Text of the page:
Does she mentor you?

Zhala: I would definitely say she has been mentoring me in many ways throughout the years. Providing me with her knowledge and her contacts, all of that. It’s been super helpful and I’m really grateful to have someone so experienced and still really cool on my side. I feel like I can be myself, and that my process is super accepted. Having her as a friend in my life is also a blessing, she’s an amazing person.

We heard you played Statement Festival recently, what was that experience like? What do you think about the concept of an all-female line-up?

Zhala: It was a non-cis male festival, basically. I cancelled my performance because I didn’t feel ready, but I still wanted to go and see and experience it, so I played a DJ set instead of performing live. It was so special! I hope they get billions and billions (of funding) to be able to do this next year and the year after, because it was really empowering… Everyone, from the people working in front of the stage to backstage to the audience, was there to celebrate and share love and empower each other. I’ve never been at a place with 5,000 people and no cis males! It was really special and unique, and I didn’t expect it to affect me this much, but it really did. I felt the importance of a space like that.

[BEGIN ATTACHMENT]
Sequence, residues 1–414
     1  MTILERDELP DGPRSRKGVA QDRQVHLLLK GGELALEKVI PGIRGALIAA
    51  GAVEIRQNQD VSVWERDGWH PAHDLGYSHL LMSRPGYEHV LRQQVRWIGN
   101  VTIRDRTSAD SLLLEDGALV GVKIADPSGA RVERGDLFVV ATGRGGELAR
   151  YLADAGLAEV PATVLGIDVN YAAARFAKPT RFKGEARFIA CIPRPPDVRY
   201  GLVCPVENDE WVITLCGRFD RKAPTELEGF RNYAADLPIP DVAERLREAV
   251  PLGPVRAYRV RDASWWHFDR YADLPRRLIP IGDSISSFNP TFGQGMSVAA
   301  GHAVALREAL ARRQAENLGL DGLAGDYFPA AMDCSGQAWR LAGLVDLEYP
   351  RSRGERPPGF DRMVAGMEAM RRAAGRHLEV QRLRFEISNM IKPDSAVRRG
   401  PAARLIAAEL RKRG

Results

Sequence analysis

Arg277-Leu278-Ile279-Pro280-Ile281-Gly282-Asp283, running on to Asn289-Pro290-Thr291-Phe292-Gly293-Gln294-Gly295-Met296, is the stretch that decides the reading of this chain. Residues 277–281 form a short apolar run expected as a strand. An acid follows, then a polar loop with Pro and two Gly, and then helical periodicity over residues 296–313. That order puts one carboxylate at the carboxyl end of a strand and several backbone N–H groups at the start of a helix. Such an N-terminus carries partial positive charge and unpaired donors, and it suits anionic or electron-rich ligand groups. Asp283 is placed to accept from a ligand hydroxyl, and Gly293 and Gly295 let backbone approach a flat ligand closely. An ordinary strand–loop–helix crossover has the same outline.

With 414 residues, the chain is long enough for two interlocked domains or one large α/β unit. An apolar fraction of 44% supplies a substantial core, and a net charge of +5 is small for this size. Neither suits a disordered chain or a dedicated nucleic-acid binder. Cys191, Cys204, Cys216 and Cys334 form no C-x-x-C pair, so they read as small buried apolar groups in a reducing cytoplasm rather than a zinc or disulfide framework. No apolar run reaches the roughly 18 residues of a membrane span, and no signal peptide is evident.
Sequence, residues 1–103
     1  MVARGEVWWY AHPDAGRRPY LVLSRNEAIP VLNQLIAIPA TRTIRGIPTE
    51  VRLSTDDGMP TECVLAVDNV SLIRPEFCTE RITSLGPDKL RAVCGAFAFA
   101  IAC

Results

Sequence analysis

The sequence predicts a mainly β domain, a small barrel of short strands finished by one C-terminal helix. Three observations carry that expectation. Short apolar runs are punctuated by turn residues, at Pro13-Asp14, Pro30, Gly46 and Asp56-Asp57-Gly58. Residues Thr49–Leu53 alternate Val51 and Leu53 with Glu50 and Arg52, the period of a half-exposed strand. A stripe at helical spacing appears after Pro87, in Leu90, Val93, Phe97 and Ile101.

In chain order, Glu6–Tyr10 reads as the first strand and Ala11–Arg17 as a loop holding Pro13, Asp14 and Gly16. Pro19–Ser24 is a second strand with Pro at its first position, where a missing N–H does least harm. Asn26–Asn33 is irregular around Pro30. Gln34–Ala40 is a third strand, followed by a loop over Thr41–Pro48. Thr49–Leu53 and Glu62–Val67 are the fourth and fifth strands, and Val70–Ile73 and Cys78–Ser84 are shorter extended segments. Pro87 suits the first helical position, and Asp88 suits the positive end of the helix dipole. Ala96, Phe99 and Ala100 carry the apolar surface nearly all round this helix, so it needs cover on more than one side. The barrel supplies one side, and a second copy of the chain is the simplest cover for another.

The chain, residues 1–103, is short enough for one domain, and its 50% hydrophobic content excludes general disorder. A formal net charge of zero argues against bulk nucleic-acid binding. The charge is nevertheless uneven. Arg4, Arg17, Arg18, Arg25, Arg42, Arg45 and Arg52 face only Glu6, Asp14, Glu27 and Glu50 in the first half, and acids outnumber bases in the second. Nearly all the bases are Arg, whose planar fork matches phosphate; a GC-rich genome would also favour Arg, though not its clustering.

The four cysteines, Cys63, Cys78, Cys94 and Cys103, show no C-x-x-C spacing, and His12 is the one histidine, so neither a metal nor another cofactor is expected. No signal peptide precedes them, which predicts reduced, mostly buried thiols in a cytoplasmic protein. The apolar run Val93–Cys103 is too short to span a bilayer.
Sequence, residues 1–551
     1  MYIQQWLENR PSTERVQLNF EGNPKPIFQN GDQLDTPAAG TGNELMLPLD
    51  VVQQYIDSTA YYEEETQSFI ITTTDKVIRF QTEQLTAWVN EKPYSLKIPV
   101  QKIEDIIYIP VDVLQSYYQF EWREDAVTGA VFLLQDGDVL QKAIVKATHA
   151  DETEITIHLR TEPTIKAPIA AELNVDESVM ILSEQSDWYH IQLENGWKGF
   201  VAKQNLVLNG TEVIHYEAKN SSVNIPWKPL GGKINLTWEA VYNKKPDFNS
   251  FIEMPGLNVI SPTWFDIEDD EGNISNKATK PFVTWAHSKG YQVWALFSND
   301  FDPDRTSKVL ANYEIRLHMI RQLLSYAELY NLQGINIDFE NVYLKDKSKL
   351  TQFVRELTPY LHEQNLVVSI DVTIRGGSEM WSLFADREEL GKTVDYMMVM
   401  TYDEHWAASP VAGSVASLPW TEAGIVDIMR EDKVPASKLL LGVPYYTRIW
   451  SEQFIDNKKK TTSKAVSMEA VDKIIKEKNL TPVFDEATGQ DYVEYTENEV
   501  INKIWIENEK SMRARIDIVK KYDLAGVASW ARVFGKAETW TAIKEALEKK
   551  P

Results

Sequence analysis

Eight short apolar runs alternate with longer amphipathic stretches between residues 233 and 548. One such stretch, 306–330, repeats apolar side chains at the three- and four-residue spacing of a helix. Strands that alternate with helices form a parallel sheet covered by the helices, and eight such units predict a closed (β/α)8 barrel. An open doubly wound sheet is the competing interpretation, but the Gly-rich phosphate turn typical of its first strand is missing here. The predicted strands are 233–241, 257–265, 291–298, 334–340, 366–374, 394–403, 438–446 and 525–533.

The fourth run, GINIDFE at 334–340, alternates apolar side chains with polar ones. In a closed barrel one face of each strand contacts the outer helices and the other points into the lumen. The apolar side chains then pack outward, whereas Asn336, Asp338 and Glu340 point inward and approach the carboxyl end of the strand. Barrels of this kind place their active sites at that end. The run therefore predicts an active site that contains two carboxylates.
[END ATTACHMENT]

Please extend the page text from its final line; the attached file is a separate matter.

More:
How have your Kurdish and Swedish identities influenced your music respectively?

Zhala: Well Swedish music is very melodic; I think that has influenced me a lot. I’ve always been drawn to… music that isn’t pop, rock, or indie, other kinds of Swedish music. I love pop and all that too, but I’m thinking about what I was hearing growing up… everything from children’s songs and music I heard in films and traditional Swedish music, it has this mystical wave in it, and I’ve always been drawn to that. And Kurdish, Middle Eastern music has completely different tones that really resonate with me, tones that transcend me to a rave. It’s a very physical, expressive, the rhythm and the tones in Middle Eastern music and Kurdish music.

What other artists are you inspired by or what other artists do you think are doing cool stuff at the moment?

Zhala: I’m obsessed with Anna von Hausswolff. Oh my God. She’s incredible – she’s so fucking extraordinary and magical. And Lafawndah… she’s really interesting. I love following her and seeing what she’s up to and the art she makes. She’s really cool.

What have you got coming up?

Zhala: I’m releasing a new song at Athens Biennale at the end of the month, and that will be the first song I’m showing from the new stuff I’m doing. It will be exclusively exhibited there for the whole Biennale, before I realise it. It’s called “Play”.